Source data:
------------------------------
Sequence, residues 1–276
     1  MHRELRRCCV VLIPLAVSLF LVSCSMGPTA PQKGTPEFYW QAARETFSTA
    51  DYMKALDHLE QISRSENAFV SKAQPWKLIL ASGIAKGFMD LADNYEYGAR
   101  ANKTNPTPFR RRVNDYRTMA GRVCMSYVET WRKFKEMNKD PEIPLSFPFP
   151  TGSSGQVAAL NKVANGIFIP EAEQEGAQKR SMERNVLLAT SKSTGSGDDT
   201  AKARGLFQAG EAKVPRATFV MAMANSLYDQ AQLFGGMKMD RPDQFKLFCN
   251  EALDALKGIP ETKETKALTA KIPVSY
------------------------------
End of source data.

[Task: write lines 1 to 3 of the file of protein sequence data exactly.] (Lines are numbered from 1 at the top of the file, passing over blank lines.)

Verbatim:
Sequence, residues 1–276
     1  MHRELRRCCV VLIPLAVSLF LVSCSMGPTA PQKGTPEFYW QAARETFSTA
    51  DYMKALDHLE QISRSENAFV SKAQPWKLIL ASGIAKGFMD LADNYEYGAR